Here is the link to the Instructable that covers all of my experiments with magnetism!
As we sped into Thanksgiving break gaining a much need respite before we were hit with the maelstrom of finals we created the final piece of structured homework for Computational Craft. Flip dots! I used an embroidery hoop, insulated copper wire, and a magnetic hematite bead to create the flip dot itself. To create magnetism within the wire, thereby inducing the bead to flip, I used a 9 volt battery. I connected with battery to the copper wire with alligator clips. Here is a picture of the finished piece and a video of it in action.
For this week’s assignment I decided to use a hand as my starting point. Mostly because the organic movement of the material could mimic a human hand somewhat.
Given that the material was quite short I couldn’t execute my original idea of making a hand that closed into a fist. Naturally this ended up being a good thing. Because of the length of the material I used it to make the hand lower it’s middle and ring fingers creating the sign for “I love you” in American Sign Language. I then used one of the pressure sensors I made earlier in the semester, and mapped the values it delivers to control the force that the two fingers lower with.
Honestly this is a much more interesting finished product for me than a fist.
For this project I made the circuit first. Which is something I always find very relaxing. After making the circuit I moved on to making the traces to test the resistance of the different threads we had access to. I made two traces using the steel thread, I was interested to see exactly how much resistivity it has. Below is a video of me testing my traces with one of the swatches in Liza’s kit.
After seeing how small the traces would have to be to use steel thread I decided to use copper thread for the small piece I wanted to make. Chain stitching is a type of embroidery I’ve always wanted to make so I decided it would be interesting to play with the traditional soft look of embroidery. I embroidered my name in copper thread using a chain stitch.
I tested the resistance and it was consistently around 3.5 ohms. I used a li-po battery to power my heating element and I wanted to test with the same swatch I’d been using before moving on to creating a thermochromic swatch of my own. This is where I ran into issues.
It turns out the the embroidery is too close together for it to appear clearly in thermochromic ink! To make this work better I would have to create a new embroidery on a much larger scale, given how long this smaller sample took I didn’t have time for that. I did still create a version of the thermochromic painting that I would have liked to use. I think I may have applied too much for the paint onto the velum paper because I had to use a 9 volt battery to get even my small tracing to appear.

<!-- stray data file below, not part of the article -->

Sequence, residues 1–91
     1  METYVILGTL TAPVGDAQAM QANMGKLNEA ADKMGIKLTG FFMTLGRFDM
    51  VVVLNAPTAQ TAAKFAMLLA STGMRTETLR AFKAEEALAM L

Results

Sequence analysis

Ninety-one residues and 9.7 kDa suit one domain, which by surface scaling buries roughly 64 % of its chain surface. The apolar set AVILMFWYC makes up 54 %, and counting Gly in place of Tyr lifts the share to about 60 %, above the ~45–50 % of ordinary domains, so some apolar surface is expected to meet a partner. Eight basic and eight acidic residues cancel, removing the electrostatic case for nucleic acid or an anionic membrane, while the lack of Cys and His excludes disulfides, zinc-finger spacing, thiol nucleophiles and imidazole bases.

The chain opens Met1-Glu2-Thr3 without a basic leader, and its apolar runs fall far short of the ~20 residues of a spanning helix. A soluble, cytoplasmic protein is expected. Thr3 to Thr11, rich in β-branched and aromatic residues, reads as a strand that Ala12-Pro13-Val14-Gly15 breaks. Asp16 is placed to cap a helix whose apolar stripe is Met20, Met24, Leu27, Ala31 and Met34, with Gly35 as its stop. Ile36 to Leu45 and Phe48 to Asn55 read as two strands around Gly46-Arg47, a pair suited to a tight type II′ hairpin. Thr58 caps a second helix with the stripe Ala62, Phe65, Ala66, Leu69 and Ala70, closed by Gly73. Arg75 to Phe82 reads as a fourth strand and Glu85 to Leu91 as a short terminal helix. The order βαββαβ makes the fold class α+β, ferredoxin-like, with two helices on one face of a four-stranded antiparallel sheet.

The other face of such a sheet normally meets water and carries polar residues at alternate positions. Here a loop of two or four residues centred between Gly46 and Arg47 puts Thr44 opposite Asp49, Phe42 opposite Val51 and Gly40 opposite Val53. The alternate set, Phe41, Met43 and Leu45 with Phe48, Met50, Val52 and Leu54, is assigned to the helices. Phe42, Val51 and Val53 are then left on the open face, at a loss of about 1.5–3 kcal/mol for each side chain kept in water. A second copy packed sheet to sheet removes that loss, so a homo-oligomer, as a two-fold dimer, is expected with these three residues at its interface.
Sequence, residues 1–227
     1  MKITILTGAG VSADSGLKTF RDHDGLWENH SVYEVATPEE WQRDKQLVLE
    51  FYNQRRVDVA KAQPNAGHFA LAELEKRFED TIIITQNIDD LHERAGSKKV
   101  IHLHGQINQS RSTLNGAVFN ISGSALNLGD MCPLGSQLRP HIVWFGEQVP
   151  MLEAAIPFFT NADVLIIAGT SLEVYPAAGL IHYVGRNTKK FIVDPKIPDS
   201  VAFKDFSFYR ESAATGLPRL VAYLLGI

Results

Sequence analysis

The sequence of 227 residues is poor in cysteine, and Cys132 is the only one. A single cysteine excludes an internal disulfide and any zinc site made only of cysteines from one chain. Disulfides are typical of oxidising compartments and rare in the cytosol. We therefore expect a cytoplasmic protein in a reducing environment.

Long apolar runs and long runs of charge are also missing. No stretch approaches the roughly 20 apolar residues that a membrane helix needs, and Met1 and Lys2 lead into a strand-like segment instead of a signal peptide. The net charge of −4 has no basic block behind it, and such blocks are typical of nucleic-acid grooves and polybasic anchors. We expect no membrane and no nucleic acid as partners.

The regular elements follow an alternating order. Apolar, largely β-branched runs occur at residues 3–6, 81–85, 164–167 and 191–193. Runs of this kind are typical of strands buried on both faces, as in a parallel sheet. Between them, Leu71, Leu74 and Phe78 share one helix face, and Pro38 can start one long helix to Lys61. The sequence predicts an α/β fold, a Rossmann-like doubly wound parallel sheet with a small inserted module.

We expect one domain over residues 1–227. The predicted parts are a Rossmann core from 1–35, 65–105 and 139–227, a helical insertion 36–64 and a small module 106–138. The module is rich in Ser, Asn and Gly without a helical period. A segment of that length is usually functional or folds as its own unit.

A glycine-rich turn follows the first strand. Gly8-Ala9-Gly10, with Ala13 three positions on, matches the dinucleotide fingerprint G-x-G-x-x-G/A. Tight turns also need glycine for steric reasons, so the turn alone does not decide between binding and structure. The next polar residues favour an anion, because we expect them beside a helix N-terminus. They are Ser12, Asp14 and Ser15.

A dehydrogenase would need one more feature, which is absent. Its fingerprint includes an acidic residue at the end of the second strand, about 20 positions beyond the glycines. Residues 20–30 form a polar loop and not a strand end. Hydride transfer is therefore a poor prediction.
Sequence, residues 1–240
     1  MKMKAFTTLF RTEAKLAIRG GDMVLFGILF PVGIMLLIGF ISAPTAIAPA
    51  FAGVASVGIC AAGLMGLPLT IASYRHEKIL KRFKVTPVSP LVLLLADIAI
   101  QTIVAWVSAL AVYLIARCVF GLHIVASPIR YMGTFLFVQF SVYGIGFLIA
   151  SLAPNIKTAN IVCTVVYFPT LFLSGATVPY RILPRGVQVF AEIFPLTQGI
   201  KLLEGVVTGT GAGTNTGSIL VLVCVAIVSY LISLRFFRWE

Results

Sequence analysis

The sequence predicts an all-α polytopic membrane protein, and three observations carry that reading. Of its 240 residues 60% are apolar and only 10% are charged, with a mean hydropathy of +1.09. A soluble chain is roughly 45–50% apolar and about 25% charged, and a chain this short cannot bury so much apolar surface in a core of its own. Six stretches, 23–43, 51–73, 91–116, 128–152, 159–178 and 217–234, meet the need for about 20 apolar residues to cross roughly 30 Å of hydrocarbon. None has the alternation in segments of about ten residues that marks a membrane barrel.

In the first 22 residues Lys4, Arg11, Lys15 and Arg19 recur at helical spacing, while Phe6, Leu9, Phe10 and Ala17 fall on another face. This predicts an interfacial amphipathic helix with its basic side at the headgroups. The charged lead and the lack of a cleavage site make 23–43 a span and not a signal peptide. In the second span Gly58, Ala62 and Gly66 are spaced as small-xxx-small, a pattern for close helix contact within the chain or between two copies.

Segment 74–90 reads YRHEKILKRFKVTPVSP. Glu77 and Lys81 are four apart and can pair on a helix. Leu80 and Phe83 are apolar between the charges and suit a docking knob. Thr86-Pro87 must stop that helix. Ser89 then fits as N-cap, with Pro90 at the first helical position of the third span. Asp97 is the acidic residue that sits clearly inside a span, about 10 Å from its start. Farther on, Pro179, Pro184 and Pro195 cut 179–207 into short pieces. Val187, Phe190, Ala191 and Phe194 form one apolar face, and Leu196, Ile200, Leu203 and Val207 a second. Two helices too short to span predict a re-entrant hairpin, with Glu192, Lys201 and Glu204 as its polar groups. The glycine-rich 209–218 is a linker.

All in all I really enjoyed learning how to do the embroidery and the thermochromic ink is quite very fun even if a little temperamental in the hands of someone who is not experienced in its use.
For this absolutely magical assignment I made my speakers in three different sizes, small, medium, and large. While I was working on this assignment on D12 people were various curious. Once I had finished making the speakers my classmates had so much fun listening to them!
Here is the link to the Instructable created for my mid term project! https://www.instructables.com/id/Wooden-LED-Lamp
Here is the code for the two Arduino sketches I used to complete this homework. The first photo is the code for the button, the second is for the pressure sensor.
Here are screenshots of the pressure sensor in action!
Here are shots of the button working!
For the midterm I would like to build a modular lamp out of a cube of wood with holes drilled for LED’s. The base would be a the positive and negative terminals of the circuit. I’ll make a prototype and try to upload it before class on Thursday.
For this week I created two nodes, one from wood, the other from paper. As usual I really enjoyed using the different tools in the wood shop to create the node that is the power source. I would have liked to create my own battery holder rather than using one of the ready made ones, but this gives me an excuse to continue experimenting. Below are pictures of the nodes.